Just days before the engineering industry effected its below inflation wage increase, the National Union of Metalworkers of South Africa (Numsa) and steel engineering employers have agreed in principle to a remarkably higher 10,4% across-the-board wage increase.
In a landmark agreement concluded by Metal Engineering Industry Bargaining Council chief executive officer Alistair Smith, on behalf of all parties, employers agreed to honour their moral and ethical responsibility and up their offer in response to the drastic rise in consumer price index on food, interest rates and fuel price increases.
This follows a three-year wage agreement sliding into a vain attempt as far-reaching month-on-month price increase from April, 2008 which exceeded the inflationary expectations. The original agreement entitled employees to wage increases amounting between 7, 1% for artisans and technicians and 8, 1% for other lower grades.
MEIBC had to intervene after Numsa and Steel Engineering Industry Federation of South Africa (Seifsa) could not agree on reopening of the negotiations following the drastic inflationary commodity raises which required further wage adjustments.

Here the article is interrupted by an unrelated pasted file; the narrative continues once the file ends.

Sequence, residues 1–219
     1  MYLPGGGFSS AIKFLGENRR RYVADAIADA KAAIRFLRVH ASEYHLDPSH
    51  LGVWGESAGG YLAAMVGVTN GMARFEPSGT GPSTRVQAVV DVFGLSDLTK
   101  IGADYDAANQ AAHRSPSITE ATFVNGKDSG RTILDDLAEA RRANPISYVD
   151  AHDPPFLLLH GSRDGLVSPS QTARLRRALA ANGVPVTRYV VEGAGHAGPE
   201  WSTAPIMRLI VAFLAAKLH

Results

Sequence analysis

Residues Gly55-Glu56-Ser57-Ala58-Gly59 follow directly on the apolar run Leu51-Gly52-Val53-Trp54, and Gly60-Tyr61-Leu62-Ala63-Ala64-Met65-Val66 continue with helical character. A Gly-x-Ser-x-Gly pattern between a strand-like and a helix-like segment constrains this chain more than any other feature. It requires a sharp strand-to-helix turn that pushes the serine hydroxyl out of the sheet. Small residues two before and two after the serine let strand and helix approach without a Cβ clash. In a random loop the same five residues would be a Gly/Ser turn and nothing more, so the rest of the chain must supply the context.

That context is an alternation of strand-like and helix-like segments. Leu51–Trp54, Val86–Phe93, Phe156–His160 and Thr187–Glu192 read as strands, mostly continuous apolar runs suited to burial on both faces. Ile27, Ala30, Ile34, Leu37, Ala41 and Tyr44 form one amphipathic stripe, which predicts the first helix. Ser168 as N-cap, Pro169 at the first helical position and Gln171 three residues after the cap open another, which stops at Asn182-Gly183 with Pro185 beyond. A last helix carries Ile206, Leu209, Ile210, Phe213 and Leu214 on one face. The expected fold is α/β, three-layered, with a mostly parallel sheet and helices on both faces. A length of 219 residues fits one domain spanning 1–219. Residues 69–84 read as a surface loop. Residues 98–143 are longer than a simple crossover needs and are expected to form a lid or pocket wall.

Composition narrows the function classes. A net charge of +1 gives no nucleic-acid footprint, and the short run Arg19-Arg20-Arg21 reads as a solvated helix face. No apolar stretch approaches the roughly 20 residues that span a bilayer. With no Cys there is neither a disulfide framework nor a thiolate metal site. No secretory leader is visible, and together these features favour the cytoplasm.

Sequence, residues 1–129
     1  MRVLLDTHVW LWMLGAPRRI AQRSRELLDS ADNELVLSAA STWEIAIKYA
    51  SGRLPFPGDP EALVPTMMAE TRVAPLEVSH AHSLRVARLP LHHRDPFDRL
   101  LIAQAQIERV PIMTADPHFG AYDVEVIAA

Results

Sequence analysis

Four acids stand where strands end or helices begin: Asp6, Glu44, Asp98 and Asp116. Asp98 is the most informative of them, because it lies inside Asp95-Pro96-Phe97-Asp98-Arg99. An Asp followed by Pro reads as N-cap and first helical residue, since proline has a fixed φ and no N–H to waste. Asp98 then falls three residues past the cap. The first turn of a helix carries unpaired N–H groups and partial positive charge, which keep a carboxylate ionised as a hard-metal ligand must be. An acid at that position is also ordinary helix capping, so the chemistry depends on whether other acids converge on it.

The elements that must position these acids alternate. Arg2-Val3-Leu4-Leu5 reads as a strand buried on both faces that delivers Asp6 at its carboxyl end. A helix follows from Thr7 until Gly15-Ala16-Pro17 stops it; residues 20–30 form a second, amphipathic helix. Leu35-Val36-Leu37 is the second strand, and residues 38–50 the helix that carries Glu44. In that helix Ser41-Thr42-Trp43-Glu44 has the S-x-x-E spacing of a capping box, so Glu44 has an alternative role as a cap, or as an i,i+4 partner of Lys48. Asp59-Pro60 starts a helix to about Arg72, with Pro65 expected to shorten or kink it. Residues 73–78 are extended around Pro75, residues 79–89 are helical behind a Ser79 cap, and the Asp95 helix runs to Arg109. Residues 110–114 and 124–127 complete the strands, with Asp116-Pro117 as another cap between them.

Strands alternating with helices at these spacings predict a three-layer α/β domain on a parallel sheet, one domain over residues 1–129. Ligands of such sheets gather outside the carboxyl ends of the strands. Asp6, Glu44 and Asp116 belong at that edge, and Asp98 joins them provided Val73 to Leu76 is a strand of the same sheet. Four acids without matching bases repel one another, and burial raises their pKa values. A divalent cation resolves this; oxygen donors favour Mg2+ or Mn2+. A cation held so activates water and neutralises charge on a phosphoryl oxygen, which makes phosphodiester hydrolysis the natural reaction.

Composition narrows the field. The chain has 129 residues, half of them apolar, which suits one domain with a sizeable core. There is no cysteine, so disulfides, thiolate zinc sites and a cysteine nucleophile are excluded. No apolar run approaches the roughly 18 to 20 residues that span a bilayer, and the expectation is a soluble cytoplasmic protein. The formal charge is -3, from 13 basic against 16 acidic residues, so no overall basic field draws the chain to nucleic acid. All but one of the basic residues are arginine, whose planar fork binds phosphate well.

The union agreed, however that three agreement be extended for another year to June 30, 2011.
In a special national executive committee meeting yesterday, Numsa which initiated the wage adjustment process three months ago, mandated regional union leadership to embark on an intensive consultation drive on local and regional membership to explain the decision to conclude the historic agreement and its implications before it is signed on July 1, 2008.
The latest agreement brought about by the extraordinary inflationary troubles will further consider paying higher increase whenever inflation rises above 9% before its expiry.
Other outstanding agreements related to collapsing of the lowest H, G grades to F, training and closing of the historic apartheid wage gaps, would continue to be pursued in other respective forums which adopted all- encompassing measures to address those disquieting issues.
Numsa expressed gratefulness that exploratory talks resulted in significant increases for members after the union persuaded on moral grounds that employers reconsider the granting of wage increases which were far too less than the inflation, which economists expected to rise beyond 13% in next December.
For further information contact:
Mziwakhe Hlangani, Numsa national spokesperson
Cell phone: 082 9407116